(10) Finally, what one piece of advice would you give to those who might be thinking about consulting?

Being a consultant is all about being an entrepreneur. That means the buck stops with you, and you have to make decisions, take risk, and you can’t count on anyone else to solve problems for you.

Everyone should take a hard look in the mirror before they start down this path – if the requirements scare you, then don’t start down this path – you won’t be happy.

If you don’t like dealing with people, then consulting is not for you. There is nothing wrong with working for someone else, doing your job well, and getting that regular paycheck without worry.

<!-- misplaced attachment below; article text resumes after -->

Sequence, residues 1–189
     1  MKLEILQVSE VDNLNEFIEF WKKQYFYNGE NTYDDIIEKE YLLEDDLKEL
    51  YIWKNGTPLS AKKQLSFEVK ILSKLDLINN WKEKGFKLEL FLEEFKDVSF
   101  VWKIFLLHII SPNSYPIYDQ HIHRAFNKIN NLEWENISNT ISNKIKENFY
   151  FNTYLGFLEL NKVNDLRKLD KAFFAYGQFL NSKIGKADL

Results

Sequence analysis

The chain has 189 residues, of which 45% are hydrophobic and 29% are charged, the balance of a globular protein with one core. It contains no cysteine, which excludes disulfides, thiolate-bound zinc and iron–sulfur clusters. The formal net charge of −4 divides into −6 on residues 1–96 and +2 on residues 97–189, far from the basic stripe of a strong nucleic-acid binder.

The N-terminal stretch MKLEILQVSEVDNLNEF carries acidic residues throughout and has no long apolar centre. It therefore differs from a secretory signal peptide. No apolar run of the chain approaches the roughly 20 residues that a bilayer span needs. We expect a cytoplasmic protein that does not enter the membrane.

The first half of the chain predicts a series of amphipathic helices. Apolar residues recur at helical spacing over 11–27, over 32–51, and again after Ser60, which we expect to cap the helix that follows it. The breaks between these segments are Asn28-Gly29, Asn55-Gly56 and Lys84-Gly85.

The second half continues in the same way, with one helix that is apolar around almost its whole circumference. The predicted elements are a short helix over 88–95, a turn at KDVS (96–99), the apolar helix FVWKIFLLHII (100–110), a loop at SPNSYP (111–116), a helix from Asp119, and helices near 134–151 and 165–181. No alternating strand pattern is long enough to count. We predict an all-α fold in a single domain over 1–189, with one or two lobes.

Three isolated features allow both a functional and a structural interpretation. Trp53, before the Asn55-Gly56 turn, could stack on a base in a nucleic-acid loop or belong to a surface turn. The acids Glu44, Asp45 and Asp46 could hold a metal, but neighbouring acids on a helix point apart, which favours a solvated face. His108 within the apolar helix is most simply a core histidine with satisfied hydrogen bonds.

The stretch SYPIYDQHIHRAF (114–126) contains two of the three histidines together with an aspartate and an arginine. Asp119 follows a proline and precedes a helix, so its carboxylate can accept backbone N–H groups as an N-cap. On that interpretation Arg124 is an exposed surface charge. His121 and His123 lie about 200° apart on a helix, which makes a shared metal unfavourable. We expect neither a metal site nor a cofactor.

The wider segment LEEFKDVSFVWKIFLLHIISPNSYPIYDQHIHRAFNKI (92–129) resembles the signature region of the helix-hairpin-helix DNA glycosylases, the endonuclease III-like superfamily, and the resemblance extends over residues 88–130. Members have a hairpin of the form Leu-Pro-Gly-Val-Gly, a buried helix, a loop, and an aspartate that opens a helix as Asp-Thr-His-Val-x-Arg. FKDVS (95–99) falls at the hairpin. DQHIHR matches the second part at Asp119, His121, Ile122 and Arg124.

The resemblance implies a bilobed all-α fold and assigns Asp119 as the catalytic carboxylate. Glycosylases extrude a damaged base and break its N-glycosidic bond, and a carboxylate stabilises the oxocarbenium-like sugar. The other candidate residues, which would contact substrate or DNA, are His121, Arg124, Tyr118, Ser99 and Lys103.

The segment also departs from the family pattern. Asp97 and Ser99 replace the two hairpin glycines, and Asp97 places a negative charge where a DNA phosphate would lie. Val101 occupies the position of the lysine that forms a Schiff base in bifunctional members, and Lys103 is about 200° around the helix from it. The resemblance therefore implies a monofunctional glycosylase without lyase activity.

Life is too short to go to work unhappy every day. Have fun!

Thank you, Marty, for sharing your story – and your encouragement!

© 2014, jumptoconsulting.com. All rights reserved.

A Success Story – Bob Bly, Copywriter

Always love it when a former engineer does well! And Bob Bly, a chemical engineer by training, has done very well as a marketing consultant who specializes in copywriting and related services.

Bob also shares his knowledge and ideas through a free e-mail newsletter, which I have received for several years. He has written 80 books, and sells numerous educational packages through his newsletter and web site (www.bly.com).

Like so many of us, Bob did not originally plan on becoming a consultant. But his love of writing soon caught up with him. Although a degreed ChemE, his first employer hired him as a technical writer. He then moved into technical marketing, and the rest, as the old saying goes, is history.